Avian Flu Diary: Italy: IZSV Announces H5N8 Outbreak In Bergamo province (http://afludiary.blogspot.com/2018/03/italy-iszv-announces-h5n8-outbreak-in.html)

Additionally there have been very recent outbreaks of H5N8 in Bulgaria where temperatures are 6-15C.

We may yet escape a housing order but  if there's an outbreak of H5N6 in a poultry flock,  or if we see a return of H5N8 to our shores as temperatures climb, then I think that will be the tipping point for DEFRA.




Title: Re: Bird Flu 2018
Post by: rowbow on March 10, 2018, 10:44
Looks like bird auctions are going to suffer, put a cover on the runs, clean your wellies.  :( seagulls are coming more inland, herons are increasing in numbers do they carry the virus?  :ohmy:
Title: Re: Bird Flu 2018
Post by: LosPollosHermanos on March 10, 2018, 12:40
....herons are increasing in numbers do they carry the virus?  :ohmy:
Herons have died in the past from H5N1 and H5N8 so its very likely that they could be susceptible to this new H5N6 virus
Title: Re: Bird Flu 2018
Post by: Aidy on March 13, 2018, 22:18
I always keep an eye on this thread as well as having notifications from ALPHA. Question... has anybody here registered their chucks? I know we dont have too (if less than 50) but wondered if anyone has.
Title: Re: Bird Flu 2018
Post by: LosPollosHermanos on March 23, 2018, 23:34
First case of H5N6 in Northern Ireland -  County Antrim

https://www.fginsight.com/news/buzzard-found-with-bird-flu-in-co-antrim-56366

Title: Re: Bird Flu 2018
Post by: LosPollosHermanos on April 11, 2018, 22:03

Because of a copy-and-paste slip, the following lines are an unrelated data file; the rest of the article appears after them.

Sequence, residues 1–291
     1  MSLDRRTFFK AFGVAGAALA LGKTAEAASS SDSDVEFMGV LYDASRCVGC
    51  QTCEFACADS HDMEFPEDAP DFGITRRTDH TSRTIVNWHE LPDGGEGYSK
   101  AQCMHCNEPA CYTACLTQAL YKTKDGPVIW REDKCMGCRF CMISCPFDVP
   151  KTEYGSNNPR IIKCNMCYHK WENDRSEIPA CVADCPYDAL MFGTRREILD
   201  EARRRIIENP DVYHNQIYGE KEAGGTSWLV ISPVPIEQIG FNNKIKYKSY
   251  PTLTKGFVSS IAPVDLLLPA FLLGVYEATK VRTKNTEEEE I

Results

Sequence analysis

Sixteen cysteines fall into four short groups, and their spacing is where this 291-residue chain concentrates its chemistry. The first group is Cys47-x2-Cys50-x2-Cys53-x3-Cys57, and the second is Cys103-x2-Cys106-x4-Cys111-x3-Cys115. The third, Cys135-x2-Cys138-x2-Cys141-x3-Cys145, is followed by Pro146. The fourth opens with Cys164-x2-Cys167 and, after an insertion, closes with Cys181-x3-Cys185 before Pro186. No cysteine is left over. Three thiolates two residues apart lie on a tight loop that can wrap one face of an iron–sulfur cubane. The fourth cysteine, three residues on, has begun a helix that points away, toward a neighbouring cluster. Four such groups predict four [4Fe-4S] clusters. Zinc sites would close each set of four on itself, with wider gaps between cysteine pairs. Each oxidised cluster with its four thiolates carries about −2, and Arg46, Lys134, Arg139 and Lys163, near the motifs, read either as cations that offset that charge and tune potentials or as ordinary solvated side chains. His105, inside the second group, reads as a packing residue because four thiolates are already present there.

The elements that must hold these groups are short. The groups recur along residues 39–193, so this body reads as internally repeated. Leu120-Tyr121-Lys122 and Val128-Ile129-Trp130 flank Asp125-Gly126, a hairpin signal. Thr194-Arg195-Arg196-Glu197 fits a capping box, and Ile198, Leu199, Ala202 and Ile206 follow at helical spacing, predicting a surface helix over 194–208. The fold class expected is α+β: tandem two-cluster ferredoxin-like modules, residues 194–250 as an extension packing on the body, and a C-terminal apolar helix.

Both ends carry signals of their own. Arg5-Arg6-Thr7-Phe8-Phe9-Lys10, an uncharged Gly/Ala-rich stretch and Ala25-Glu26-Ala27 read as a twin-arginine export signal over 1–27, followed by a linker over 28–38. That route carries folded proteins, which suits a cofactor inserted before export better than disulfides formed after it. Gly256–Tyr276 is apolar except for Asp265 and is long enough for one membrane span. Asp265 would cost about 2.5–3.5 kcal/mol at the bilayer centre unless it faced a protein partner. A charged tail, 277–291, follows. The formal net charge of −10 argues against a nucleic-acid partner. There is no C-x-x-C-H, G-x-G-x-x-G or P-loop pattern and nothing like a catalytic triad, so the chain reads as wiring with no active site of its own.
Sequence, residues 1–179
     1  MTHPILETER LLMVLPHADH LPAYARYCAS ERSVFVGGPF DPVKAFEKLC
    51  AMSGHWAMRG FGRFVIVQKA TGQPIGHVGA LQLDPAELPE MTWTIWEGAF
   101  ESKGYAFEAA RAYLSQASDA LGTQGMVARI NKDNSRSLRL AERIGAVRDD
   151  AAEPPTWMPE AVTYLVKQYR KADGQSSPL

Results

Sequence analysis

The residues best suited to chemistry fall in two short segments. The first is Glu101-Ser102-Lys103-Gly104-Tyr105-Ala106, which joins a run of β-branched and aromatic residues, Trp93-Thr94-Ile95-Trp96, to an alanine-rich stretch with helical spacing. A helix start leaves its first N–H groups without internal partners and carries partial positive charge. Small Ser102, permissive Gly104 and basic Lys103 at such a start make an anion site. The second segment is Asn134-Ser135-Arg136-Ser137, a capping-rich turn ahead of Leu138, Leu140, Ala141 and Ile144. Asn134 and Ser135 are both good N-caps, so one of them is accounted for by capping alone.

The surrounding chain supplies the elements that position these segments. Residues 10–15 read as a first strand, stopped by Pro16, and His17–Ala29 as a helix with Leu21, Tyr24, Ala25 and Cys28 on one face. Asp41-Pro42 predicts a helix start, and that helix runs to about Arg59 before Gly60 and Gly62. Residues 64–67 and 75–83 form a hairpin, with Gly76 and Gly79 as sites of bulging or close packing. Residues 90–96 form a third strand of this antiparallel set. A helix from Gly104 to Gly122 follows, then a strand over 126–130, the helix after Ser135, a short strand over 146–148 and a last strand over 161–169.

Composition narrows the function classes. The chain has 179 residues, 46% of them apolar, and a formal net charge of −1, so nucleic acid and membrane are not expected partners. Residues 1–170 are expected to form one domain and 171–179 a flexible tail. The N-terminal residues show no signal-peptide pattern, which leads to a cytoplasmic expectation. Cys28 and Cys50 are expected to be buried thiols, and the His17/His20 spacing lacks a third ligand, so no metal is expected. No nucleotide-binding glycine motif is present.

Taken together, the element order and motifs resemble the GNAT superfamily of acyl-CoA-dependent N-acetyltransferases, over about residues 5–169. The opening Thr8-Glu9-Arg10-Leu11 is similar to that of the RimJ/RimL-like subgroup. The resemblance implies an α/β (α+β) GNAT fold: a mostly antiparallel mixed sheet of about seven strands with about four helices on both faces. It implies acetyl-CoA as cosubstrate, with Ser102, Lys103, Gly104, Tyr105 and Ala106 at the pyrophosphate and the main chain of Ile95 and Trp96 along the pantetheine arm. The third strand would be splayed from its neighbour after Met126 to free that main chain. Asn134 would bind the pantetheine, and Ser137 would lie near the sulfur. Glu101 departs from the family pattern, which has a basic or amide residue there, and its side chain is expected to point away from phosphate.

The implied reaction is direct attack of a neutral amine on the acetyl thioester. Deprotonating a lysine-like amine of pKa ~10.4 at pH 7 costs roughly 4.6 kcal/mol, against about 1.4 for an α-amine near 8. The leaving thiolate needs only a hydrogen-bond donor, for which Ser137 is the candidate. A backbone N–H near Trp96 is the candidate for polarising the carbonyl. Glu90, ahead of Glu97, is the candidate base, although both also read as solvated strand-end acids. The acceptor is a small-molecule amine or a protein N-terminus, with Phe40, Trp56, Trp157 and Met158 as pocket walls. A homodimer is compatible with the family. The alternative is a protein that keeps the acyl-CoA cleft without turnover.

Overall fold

The latest situation assessment from DEFRA is out.

https://assets.publishing.service.gov.uk/government/uploads/system/uploads/attachment_data/file/698979/avian-flu-wild-birds-H5N6-180410.pdf

The short takeaway from the report is that the risk level for H5N6 remains high but there have still been no poultry outbreaks despite it being widespread in the wild.

Title: Re: Bird Flu 2018
Post by: New shoot on April 12, 2018, 08:49
We do seem to have dodged a bullet with poultry this year.  Hopefully the higher temperatures and drier weather next week will see it off.
Title: Re: Bird Flu 2018
Post by: LosPollosHermanos on April 12, 2018, 11:31
We do seem to have dodged a bullet with poultry this year.  Hopefully the higher temperatures and drier weather next week will see it off.

Let's hope so.

My big concern is that I've been tracking the temperature ranges where H5N8 outbreaks have occurred and generally over the past few months they've been in the 10-30C range and not in the colder temperatures you'd normally expect for Avian Influenza transmission.

The most recent outbreak was in Yambol, Bulgaria, with temperatures ranging between roughly 10-20C. Similar temperature ranges applied to the recent outbreaks in Italy, South Africa and Saudi Arabia and many more.